The Future of the European Financial Architecture for Development

In “The European Financial Architecture for Development: evolution or revolution,” Mikaela Gavas sets out the current European Development finance landscape, explaining the key players involved and highlights the challenges with the current systems, and underlines the importance of the EU and its various instruments.

Note: This briefing was commissioned and originally published by the European Parliament.

Mikaela describes how the architecture has evolved in recent years, and puts forward three potential options:

  1. A European Climate and Sustainable Development Bank: A new institution with a broad portfolio and a large capital base
  2. A formalized division of labour including: a) focused on repartition of activities in Sub-Saharan Africa for the EIB and EBRD and b) clearer repartition between public sector and private sector activities by the EIB and EBRD.
  3. The European Commission to act as a "ringmaster" to:
  • select the most suitable implementing partners
  • indicate where there is scope for greater collaboration and a sharper division of labour among its members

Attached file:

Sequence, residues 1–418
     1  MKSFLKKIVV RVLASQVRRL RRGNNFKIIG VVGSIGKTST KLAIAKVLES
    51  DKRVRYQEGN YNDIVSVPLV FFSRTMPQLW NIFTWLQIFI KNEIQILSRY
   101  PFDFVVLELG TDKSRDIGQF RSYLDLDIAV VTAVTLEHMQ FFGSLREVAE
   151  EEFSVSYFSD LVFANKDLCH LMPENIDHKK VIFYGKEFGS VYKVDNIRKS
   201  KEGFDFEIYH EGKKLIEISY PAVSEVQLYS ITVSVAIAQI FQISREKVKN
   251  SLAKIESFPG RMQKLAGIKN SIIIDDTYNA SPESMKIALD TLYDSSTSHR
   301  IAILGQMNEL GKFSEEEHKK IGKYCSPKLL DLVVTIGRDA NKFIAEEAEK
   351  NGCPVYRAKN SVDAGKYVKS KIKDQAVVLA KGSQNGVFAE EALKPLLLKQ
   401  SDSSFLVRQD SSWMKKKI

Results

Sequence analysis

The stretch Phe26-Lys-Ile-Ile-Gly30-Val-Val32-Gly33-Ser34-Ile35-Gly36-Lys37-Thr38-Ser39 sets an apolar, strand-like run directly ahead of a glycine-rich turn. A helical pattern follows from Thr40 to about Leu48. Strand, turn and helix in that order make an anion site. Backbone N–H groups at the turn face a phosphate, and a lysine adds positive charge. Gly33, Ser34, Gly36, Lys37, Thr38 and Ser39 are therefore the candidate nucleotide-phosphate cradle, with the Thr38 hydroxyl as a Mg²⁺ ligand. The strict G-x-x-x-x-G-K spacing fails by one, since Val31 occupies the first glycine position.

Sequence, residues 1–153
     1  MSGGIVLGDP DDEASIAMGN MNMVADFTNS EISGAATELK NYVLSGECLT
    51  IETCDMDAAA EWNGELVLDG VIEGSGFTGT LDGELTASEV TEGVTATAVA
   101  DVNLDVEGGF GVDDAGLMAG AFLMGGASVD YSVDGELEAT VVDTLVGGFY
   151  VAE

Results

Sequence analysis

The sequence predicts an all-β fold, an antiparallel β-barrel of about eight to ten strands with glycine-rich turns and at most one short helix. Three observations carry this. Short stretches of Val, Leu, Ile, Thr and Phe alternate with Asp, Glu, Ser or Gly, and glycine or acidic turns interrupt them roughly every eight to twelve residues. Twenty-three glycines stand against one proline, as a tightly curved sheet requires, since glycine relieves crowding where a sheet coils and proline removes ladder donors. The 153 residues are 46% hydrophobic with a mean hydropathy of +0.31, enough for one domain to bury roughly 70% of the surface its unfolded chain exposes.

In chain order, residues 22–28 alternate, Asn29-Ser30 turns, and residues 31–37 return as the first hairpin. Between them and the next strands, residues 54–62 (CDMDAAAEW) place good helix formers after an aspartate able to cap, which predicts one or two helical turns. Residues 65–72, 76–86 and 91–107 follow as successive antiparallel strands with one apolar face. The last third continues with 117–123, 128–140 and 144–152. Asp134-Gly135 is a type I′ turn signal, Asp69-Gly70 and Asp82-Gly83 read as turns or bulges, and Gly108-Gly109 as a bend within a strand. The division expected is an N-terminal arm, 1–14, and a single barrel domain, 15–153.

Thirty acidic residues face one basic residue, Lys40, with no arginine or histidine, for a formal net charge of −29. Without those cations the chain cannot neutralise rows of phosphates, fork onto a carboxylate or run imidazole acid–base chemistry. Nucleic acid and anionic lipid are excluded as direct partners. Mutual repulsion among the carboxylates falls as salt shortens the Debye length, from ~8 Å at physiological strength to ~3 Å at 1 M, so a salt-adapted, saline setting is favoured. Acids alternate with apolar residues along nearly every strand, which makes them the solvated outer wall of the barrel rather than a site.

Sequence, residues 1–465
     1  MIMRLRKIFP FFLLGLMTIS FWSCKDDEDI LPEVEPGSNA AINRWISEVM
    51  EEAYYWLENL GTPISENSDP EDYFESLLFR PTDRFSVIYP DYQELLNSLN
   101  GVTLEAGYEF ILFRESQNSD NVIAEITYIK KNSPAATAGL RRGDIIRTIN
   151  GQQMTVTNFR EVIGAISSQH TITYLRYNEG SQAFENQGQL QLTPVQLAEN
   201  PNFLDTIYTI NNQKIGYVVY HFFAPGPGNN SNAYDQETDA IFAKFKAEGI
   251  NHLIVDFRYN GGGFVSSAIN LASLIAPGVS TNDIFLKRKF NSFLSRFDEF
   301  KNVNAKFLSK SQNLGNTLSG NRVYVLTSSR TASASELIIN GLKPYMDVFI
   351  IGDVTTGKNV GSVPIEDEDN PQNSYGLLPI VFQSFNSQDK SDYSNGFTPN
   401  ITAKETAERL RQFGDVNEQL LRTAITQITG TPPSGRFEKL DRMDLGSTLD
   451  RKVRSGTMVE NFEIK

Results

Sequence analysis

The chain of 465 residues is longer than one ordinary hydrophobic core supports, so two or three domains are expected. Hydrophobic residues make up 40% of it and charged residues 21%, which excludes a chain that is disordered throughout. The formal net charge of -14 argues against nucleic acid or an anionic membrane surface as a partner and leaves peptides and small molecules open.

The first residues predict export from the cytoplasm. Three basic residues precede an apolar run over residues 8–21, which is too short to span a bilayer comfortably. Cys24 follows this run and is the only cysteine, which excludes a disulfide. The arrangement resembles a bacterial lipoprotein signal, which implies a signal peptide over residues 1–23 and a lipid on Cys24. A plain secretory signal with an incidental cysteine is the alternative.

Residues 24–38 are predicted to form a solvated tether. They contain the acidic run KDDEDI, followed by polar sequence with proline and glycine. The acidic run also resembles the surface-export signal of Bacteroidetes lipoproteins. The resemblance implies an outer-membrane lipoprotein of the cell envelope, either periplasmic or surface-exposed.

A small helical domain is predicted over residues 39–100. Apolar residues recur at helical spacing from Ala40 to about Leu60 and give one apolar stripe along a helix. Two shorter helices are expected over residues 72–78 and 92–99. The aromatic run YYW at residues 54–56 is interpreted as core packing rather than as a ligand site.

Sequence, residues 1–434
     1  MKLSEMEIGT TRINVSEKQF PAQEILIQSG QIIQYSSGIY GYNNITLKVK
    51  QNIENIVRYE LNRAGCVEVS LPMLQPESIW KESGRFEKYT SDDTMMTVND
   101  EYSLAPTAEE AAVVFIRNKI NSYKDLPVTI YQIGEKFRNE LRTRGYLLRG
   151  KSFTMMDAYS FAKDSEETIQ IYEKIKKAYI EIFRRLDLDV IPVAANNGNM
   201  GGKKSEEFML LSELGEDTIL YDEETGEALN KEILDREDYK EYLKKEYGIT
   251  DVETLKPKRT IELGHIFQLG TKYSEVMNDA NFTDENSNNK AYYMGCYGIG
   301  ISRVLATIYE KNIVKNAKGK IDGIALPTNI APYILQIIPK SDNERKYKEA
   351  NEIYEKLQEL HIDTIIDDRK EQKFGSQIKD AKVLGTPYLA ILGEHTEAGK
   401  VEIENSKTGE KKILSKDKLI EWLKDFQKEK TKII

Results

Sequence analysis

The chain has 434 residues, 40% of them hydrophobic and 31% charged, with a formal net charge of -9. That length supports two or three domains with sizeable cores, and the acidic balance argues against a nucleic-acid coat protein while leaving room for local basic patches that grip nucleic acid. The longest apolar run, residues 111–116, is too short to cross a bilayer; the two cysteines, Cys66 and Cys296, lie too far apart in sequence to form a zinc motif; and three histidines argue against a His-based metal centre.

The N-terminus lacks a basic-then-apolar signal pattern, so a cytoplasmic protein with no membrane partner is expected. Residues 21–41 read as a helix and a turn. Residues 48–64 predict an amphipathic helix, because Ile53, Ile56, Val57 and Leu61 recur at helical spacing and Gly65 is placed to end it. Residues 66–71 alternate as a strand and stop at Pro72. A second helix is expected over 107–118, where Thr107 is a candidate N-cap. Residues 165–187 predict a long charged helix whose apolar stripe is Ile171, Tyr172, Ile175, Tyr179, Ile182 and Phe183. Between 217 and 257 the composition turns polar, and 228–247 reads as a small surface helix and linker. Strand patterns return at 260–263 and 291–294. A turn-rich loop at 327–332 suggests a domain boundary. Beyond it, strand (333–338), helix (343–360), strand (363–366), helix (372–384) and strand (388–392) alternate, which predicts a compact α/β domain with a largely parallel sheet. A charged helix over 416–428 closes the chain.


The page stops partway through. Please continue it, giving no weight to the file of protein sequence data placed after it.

• align policy conditionality and enhance ex-ante coordination among all implementing partners
  • set and oversee application of operational policy guidelines;
  • ensure that high standards as well as sound development banking prevail.

The last section of the briefing is dedicated to a series of recommendations and conclusions, including:

  1. For the multilateral banks, development finance institutions and development agencies that make up the European Financial Architecture for Development to come together to respond to ongoing crises and to agree to take on more risks and accept sub-market returns.
  2. Reinforcing the complementarity of the EIB’s and EBRD’s business models through ‘mutual reliance’ initiatives whereby they rely on each other’s preparatory work, covenants, and monitoring activities as well as impact reporting to avoid duplication in the co-financing of projects and reduce the burden on clients.
  3. A stronger steer from the European Commission, in which they act as a ringmaster so that development policy objectives are delivered by those institutions best suited to the task, including the EIB, the EBRD and other European DFIs.

Gavas concludes that the European Commission must play a stronger role in helping to develop the supply of projects, and could establish an “Accelerator Hub” to provide targeted support throughout all project stages to: identify, prepare and develop investment projects outside of the EU.

Mikaela Gavas, Co-Director of Development Cooperation in Europe and Senior Policy Fellow was invited to share her expertise with the Development Committee of the European Parliament on the European Financial Architecture for Development (EFAD).

You can watch the full session of the Committee here.

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